Americans are taking a tougher stance on abortion, a new survey finds, perhaps in response to having elected a pro-choice president in Barack Obama.
Since 2008, the share of Americans saying abortion should be legal has declined and public opinion on the issue is now evenly divided, according to a newly released poll by the Pew Research Center for the People & The Press and the Pew Forum on Religion & Public Life.
A nearly even split
Some 45 percent of those surveyed say abortion should be illegal in most cases. That is an increase of 4 points from the previous year. Some 47 percent of the population says abortion should be legal in most cases, down 7 points from 2008. The survey has a margin of error of plus or minus 2 percent.
Pew said one of the largest declines in support for legal abortion occurred among white, non-Hispanic Catholics who attend Mass at least weekly. Support for abortion also fell substantially among Democratic men, but not among Democratic women.
While the survey did not isolate a single cause for the shift in public sentiment, Pew said, “The pattern of changes suggests that the election of a pro-choice Democrat as president may be a contributing factor.”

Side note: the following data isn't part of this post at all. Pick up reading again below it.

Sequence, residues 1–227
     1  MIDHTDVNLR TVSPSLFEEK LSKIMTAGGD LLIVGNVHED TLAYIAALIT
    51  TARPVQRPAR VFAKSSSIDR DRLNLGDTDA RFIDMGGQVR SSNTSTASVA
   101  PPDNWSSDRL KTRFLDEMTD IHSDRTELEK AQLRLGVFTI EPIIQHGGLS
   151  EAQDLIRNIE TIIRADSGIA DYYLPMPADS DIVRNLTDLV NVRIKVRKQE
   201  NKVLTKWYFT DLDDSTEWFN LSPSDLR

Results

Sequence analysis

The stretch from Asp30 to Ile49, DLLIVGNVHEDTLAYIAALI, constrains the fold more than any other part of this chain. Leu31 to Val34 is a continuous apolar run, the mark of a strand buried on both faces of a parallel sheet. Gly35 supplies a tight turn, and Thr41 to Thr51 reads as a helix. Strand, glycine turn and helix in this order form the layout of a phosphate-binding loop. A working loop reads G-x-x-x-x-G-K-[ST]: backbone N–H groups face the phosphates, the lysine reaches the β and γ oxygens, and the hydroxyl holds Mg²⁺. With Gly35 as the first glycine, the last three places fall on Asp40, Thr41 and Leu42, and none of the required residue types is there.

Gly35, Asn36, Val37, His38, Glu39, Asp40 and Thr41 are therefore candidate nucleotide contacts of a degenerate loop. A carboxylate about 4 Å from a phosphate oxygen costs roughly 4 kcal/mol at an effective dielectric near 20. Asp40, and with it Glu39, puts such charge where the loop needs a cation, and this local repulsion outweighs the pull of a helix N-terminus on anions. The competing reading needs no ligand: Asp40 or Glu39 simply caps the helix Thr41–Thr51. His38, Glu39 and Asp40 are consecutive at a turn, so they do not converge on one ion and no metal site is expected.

A tougher stance
The tougher attitude was also apparent on other abortion-related issues, Pew said. For example, four in ten of those surveyed now say they favor making it more difficult to get an abortion, up from 35 percent who took that position in 2007. There also has been an increase of 6 points in those who say it would be good to reduce the number of abortions. Some 65 percent of those surveyed now hold that view.
Pew found that the abortion issue looms larger for Republicans than Democrats. Overall, only 15 percent of American see abortion as a critical issue for the country. The share of liberal Democrats who say abortion is a critical issue has dropped from 34 percent in 2006 to 8 percent this year. Among conservative Republicans, the decline has been much smaller -- from 35 percent who saw the issue as critical in 2006 to 26 percent today.
The Pew data tracks with trends found by other pollsters. For example, a May 2009 Gallup Poll found that 51 percent of Americans now call themselves “pro-life” on the abortion issue while 42 percent say they are “pro-choice.” Gallup said this was the first time a majority of American adults identified themselves as pro-life since the firm began asking the question in 1995.
Sure of themselves
Pew pointed to one irony. While there is strong support for finding a middle ground on abortion, most Americans are quite certain their views on the issue are correct. Only one quarter of those surveyed said they ever wonder about their views on abortion.
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